Call them "the millennials" - four newer filmmakers whose careers took off on the cusp of the new century and who, coincidentally, all have movies or a big DVD coming out this holiday season.
It's difficult to find a common thread in the careers of David O. Russell, Darren Aronofsky, Sofia Coppola, and Christopher Nolan.
But all four have managed the rare feat of remaining true to their outlooks and interests while making films that connect with audiences. Perhaps it's this balancing act between art and entertainment that unites them despite the different directions their visions take them.
Russell, 52, whose The Fighter opened this month, has long been associated with outrageous comedies and with themes of family.
Aronofsky, 41, specializes in personal, trippy cinematic visions. Despite a somewhat mainstream hit with The Wrestler, he's back to his old tricks with Black Swan.
Coppola, 39 is a showbiz brat whose movies invariably deal with the isolating nature of fame. Her Hollywood-specific tale, Somewhere, opens by early next year.
And Nolan, 40, who has gone from quirky, twisted dramas to the humongously successful reboot of the Batman franchise, had one of his biggest hits with summer's dream-drama, Inception.
Here are snapshots of the four:
The real-life story of boxer "Irish" Micky Ward offers an often funny study of the positive and negative influences of family.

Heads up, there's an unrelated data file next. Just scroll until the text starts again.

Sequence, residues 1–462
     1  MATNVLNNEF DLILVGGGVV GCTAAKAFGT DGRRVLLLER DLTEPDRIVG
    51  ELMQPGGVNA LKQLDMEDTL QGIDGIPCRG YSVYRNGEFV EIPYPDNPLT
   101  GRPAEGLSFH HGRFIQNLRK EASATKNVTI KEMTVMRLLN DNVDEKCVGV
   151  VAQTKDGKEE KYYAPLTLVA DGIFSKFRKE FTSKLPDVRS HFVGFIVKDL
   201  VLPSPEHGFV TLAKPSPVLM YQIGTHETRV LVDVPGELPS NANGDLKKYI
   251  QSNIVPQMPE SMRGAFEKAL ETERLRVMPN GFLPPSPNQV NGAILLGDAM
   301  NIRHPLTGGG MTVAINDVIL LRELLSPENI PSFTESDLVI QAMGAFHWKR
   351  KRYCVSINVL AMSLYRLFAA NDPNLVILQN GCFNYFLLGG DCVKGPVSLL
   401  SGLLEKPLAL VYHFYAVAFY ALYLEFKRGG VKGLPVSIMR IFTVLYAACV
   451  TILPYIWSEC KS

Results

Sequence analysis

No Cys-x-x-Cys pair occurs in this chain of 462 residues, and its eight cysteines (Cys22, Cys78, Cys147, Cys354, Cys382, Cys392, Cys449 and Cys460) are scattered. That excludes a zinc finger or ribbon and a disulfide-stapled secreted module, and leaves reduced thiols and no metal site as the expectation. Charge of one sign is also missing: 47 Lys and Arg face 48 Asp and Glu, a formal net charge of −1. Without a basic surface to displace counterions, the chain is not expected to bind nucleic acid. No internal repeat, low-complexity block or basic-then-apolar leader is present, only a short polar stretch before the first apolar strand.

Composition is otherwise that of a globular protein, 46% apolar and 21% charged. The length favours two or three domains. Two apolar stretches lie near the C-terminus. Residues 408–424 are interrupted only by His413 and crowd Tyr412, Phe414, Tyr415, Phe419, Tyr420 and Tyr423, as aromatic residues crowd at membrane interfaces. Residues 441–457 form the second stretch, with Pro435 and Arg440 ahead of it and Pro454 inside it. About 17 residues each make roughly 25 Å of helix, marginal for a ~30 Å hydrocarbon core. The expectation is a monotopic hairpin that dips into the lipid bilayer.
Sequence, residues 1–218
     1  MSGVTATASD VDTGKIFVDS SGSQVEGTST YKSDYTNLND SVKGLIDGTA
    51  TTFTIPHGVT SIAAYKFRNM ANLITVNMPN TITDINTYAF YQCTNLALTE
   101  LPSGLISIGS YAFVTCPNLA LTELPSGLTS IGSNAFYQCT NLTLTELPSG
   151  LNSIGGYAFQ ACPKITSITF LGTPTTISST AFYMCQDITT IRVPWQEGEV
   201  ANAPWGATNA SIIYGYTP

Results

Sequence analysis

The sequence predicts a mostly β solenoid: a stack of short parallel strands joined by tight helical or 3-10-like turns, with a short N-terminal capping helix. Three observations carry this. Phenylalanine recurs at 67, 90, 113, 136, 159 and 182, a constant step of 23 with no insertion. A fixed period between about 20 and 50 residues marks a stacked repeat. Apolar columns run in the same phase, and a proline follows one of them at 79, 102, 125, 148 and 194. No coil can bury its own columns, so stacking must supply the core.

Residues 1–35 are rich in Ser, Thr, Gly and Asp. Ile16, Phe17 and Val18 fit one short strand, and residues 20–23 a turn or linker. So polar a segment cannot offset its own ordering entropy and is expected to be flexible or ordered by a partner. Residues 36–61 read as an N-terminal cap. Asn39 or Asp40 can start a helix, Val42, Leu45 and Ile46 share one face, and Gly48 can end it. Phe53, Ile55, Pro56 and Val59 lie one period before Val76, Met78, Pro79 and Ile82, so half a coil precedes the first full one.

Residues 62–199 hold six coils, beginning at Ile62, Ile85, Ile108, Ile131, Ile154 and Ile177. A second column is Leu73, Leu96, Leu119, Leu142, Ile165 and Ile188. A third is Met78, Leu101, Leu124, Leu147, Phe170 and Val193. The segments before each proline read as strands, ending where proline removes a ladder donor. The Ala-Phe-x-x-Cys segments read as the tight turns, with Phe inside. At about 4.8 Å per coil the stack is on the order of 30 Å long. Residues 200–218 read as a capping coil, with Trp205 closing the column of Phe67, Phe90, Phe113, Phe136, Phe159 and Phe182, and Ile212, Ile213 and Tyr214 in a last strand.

Backstory: This New Yorker, who studied English and political science at Amherst College, made his feature debut in 1994 with Spanking the Monkey, a quirky, low-budget comedy about a teen who has an affair with his mother. Next was Flirting With Disaster (1996), in which Ben Stiller goes looking for his birth parents. But it wasn't until 1999's Three Kings, a surreal black comedy, that Russell's potential was revealed.
Essential films: Three Kings and I Heart Huckabees (2004).
What's up next: Nailed, a romantic comedy.
(now on video). High-tech thieves enter the dreams of their targets to steal secrets. The highlight is the dream-within-a-dream-within-a-dream heist sequence.
Backstory: This Londoner grew up making films with his father's camera. His first feature was the black-and-white Following (1998), about a man obsessed with following strangers. But his breakthrough was the 2000 art-house hit Memento.
Essential films: Memento, Batman Begins (2005), The Dark Knight (2008), and The Prestige (2006).
What's up next: The Dark Knight Rises.
Requiem for a Dream
did for druggies, this film does for psychotic ballerinas. A lead dancer (Natalie Portman) slides into psychosis under the pressure of preparing a new
Backstory: This native of Brooklyn, N.Y., studied film at Harvard University and made his feature debut in 1998 with the low-budget Pi, a black-and-white thriller about a reclusive genius. His breakthrough film was 2000's Requiem for a Dream.
Essential films: Requiem for a Dream, The Fountain (2006), and The Wrestler (2008).
What's up next: The Wolverine.
. A Hollywood action star (Stephen Dorff) succumbs to dissipation in a Hollywood hotel suite.
Backstory: The daughter of filmmaker Francis Ford Coppola (cousin of Nicolas Cage and Jason Schwartzman) made her screen debut as the baby being baptized in The Godfather. During the '90s, she took small film roles but found her place behind the camera with the release of The Virgin Suicides in 1999.
Essential films: The Virgin Suicides (1999), Lost in Translation (2003), and Marie Antoinette (2006).